Over the course of an astonishing career spanning 20 years + and counting – during which he has to date sold in excess 1 million records and played to over 2 million people – Frank Turner’s popularity has grown with his artistry. From the ferocious, sweaty box venues of rock band Million Dead and starting from scratch with an acoustic guitar in pubs and bedrooms in 2005, to his name now routinely appearing in the largest font on ticket stubs that permit entry to such venues as Wembley Arena, The O2 or the Royal Albert Hall. In short, it has been a number of years now since the hardcore troubadour transformed himself from The Boy Who Surely Could Not, to The Man That Did.
2019 saw the release of ‘No Man’s Land’ – Turner’s eighth solo record and his fourth consecutive UK Top Three album release. Produced by MPG Producer of The Year Catherine Marks (Foals, The Big Moon), it is an esoteric concept album driven by the extraordinary lives & legacies of 13 fascinating women, previously overlooked by history. A self-confessed history nut, Turner began work on the project after learning about Jinny Bingham, a witch who lived in Camden in the 1600s. Working with Marks – which Turner calls “an absolute fucking dream” – a dynamic cast of female musicians were bought into the studio to bring the songs to life. There’s strings and piano from Anna Jenkins and Gill Sandell of Emily Barker’s Red Clay Halo band, Lock drummer Holly Madge, Paloma Faith’s bass player Andrea Goldsworthy, Kat Marsh of Choir Noir and a full West End brass section on the jazz-inflected Nica.
The ‘No Man’s Land’ album release was also accompanied by a 13 part podcast series ‘Tales From No Man’s Land’ created by Turner in conjunction with Somethin’ Else, which debuted at #2 on the UK charts, also making Apple Music’s ‘Best Listens Of The Year’ review. Following his first global tour, which saw him play over 100 headline shows across 4 continents, Frank rounded out 2019 with a UK tour putting a unique twist on his formidable live set up. Solo sets from Frank were followed by an unplugged band performance in seated venues, culminating in two sold-out nights at London’s Alexandra Palace Theatre.
The new decade looks unlikely to provide little respite for the artist who has quite rightly been awarded AIM gongs for both Hardest Working Artist and Best Live Act. 2020 so far promises a 15 date UK headline tour – with Turner’s milestone gig released on audio & visual formats in late 2019 as ‘Show 2000 – Live At Nottingham Rock City – 15/12/16’ – and the fourth incarnation of his wildly successful Lost Evenings Festival. Already upgraded to a larger space due to ticket demand, Lost Evenings IV will take over Germany’s Arena Berlin between May 21st-24th with appearances from Henry Rollins and Catfish and Bottlemen (amongst others) alongside multiple sets from Turner and the Sleeping Souls, that most supple, dexterous and punishing of permanent backing bands. Winning the AIM award for Best Independent Festival in its augural year in 2017, Lost Evenings has since enjoyed sold-out iterations on both sides of the Atlantic.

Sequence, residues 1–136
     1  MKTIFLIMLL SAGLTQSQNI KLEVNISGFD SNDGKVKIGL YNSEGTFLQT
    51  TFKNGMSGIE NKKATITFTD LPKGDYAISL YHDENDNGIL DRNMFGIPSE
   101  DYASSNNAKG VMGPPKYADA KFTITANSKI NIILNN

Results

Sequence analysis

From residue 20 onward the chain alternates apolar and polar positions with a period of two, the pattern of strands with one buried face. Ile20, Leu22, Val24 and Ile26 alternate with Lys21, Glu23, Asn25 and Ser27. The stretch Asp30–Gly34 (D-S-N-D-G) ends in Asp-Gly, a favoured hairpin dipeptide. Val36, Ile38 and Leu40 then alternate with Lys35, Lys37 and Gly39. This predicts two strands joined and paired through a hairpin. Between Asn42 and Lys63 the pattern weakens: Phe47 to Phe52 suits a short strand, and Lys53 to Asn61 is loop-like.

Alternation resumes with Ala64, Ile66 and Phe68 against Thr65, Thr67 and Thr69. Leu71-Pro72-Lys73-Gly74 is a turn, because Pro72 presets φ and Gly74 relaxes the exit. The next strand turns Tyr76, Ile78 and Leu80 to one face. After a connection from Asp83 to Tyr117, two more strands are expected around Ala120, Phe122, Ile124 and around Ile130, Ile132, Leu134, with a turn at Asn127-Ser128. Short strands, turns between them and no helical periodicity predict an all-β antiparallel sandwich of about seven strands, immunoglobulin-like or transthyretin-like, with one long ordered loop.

Elsewhere, the list of accolades goes on and on – Frank was personally asked by Danny Boyle to perform at the London Olympics Opening Ceremony; ASCAP awarded him their Vanguard Award for emerging talent in 2012; he played his tenth consecutive slot at Reading and Leeds festival in 2016, an unprecedented achievement; he released his Amazon number 1 bestseller The Road Beneath My Feet in paperback in February 2016 (also a Times #1 best-seller in hardback), followed by his Top 5 best-selling memoir, Try This At Home – Adventures In Songwriting. ‘Tape Deck Heart’, ‘England Keep My Bones’ and ‘Love Ire & Song’ are all certified Gold for sales in the UK (with ‘Positive Songs For Negative People’ on the brink of going Silver), and in 2017 Turner released a documentary feature film, Get Better, charting a turbulent year in the singer’s life.
He has carved out a career as a hard-touring, punk-folk troubadour with a diehard fanbase drawn to a singer-songwriter who refuses to play the game and does things on his own terms.
And so it goes on.
A Wessex Boy by inclination, these days Turner’s post is delivered to Holloway, North London. He intends to spend the next 18 months, and probably the rest of his life, on tour.